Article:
One reason why it has been difficult to identify specific phosphatases that are targets for ROS responsible for mediating specific downstream signalling outcomes is the apparent functional redundancy within the large PTP family. Although it seems probable that individual PTP enzymes have tight physiological specificity for specific cellular tyrosine residues, this has been difficult to address experimentally, and identifying specific targets for each PTP with any confidence has proved very difficult. In contrast, several cysteine-dependent phosphatases have been shown to have poor protein phosphatase activity but potent activity against inositol lipids. The limited number of cellular phosphoinositides and the existence of an established methodology for addressing the abundance and localization of these molecules has meant that relatively rapid progress has allowed the identification of specific lipid substrates for several cysteine-dependent phosphatases. Thus physiological substrates have been identified with some confidence for PTEN (phosphatase and tensin homologue deleted on chromosome 10) [PtdIns(3,4,5)P3] and some members of the myotubularin [PtdIns(3)P and PtdIns(3,5)P2] phosphatase family and, with a lesser degree of confidence, for enzymes such as the Sac phosphatases [PtdIns(4)P and probably other substrates], type I and II 4-phosphatases [PtdIns(3,4)P2] and TPIP [TPTE (transmembrane phosphatase with tensin homology) and PTEN homologous inositol lipid phosphatase] [PtdIns(3,4,5)P3]. PTEN and PtdIns(3,4,5)P3 signalling have been well studied due to their common deregulation in tumour development . This and the non-redundant role of PTEN in regulating this signalling pathway make it a good target to investigate a potential role in redox signalling.
Oxidation of PTEN in vitro with H2O2 leads to the formation of a disulphide bond between the active-site cysteine (Cys-124) and another cysteine residue (Cys-71), which is close by in the three-dimensional crystal structure of PTEN . This is in contrast with the classical PTP member PTP1B (and probably other classical PTPs) that forms a sulphenyl amide linkage between the active-site cysteine and an adjacent main-chain nitrogen . PTEN is highly sensitive to oxidation and inactivation in vitro by H2O2 and, similarly in cells, evidence from several assays indicates that cellular oxidative stress induced by H2O2 treatment also inactivates most cellular PTEN [12,13]. It is probably significant that there appears to be some specificity in the re-activation through reduction of PTEN, since thioredoxin has been found to bind to PTEN in cells and to reduce oxidized PTEN very efficiently, in contrast with other cellular electron donors . The significance of cellular PTEN oxidation has been indicated by a previous study showing the accumulation of PtdIns(3,4,5)P3, and the activation of downstream signalling induced by H2O2 is found to occur only in cells expressing PTEN, but not in cells lacking the enzyme, indicating a non-redundant role for PTEN in the redox regulation of PI3K (phosphoinositide 3-kinase) signalling . Additionally, oxidation of PTEN by endogenously generated ROS has also been identified in stimulated macrophages, accompanied by an ROS-dependent activation of signalling downstream of PTEN. These results imply that PTEN oxidation can play a role in the activation of PtdIns(3,4,5)P3-dependent signalling by stimuli that cause the generation of ROS (Figure 1).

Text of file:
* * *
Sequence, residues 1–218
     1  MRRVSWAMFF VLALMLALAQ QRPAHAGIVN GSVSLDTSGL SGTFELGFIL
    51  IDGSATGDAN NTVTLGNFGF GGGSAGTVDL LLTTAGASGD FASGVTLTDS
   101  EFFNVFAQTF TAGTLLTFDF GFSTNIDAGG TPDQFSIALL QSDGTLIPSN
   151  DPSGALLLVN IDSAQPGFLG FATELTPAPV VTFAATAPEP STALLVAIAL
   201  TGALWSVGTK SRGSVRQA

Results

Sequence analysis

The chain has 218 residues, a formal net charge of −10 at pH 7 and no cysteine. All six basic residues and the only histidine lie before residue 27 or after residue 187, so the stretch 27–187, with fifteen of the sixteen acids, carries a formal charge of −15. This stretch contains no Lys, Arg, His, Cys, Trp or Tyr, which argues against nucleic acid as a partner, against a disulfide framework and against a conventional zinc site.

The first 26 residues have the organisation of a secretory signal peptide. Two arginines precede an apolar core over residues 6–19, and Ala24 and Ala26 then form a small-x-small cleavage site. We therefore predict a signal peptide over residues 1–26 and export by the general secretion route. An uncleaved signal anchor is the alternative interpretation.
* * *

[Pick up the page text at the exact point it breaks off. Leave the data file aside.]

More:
Most of these studies of cysteine-dependent phosphatase oxidation indicate that specificity must exist, such that cellular stimulation with different stimuli leads to the inactivation of only certain functionally significant phosphatases. How this specificity is generated is the subject of the present study and there are several possibilities. It seems probable that different phosphatases have different intrinsic sensitivities to oxidation. Additionally, evidence already exists supporting a role for co-localization of phosphatases with the signalling complexes inducing ROS generation in the generation of specificity [9,10,14]. Finally, as described above, there is already evidence for a very significant role in maintaining phosphatases in the inactive state (i) for specificity at the level of phosphatase reduction, (ii) for co-localization with electron donors such as thioredoxin and even (iii) for the stimulated inactivation/oxidation of specific electron donors [12,15]. This area is currently the focus of considerable research effort, and it seems probable that this will improve our understanding of the role of oxidative phosphatase inactivation in cellular signalling.
Energy: Generation and Information: A Focus Topic at BioScience2004, held at SECC Glasgow, U.K., 18–22 July 2004. Edited by J. Arthur (Rowett Research Institute, Aberdeen, U.K.), P. Newsholme (University College Dublin, Ireland), M. Murphy (MRC-Dunn Human Nutrition Unit, Cambridge, U.K.) and R. Reece (Manchester, U.K.).